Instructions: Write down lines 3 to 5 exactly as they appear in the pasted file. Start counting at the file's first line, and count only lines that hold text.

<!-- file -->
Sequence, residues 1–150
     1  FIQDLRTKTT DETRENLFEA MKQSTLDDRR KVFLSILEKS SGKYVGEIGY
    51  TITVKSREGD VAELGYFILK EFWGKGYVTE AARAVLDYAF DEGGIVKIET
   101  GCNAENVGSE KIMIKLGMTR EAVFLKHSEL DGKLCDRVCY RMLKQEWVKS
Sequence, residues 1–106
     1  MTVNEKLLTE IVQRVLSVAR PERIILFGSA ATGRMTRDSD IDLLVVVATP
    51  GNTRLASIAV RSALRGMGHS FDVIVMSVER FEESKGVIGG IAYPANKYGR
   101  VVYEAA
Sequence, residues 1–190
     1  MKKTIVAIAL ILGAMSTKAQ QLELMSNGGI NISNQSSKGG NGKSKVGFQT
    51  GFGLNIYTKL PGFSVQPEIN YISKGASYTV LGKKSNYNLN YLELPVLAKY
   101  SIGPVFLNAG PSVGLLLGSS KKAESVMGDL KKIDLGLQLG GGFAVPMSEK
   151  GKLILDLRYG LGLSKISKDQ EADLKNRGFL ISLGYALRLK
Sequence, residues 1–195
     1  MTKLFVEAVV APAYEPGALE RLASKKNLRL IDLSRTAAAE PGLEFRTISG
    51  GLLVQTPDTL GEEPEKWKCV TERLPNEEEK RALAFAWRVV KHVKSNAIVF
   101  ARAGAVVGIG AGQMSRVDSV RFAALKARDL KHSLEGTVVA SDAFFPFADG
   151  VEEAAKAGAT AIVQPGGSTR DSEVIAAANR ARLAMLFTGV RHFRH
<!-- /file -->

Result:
    51  TITVKSREGD VAELGYFILK EFWGKGYVTE AARAVLDYAF DEGGIVKIET
   101  GCNAENVGSE KIMIKLGMTR EAVFLKHSEL DGKLCDRVCY RMLKQEWVKS
Sequence, residues 1–106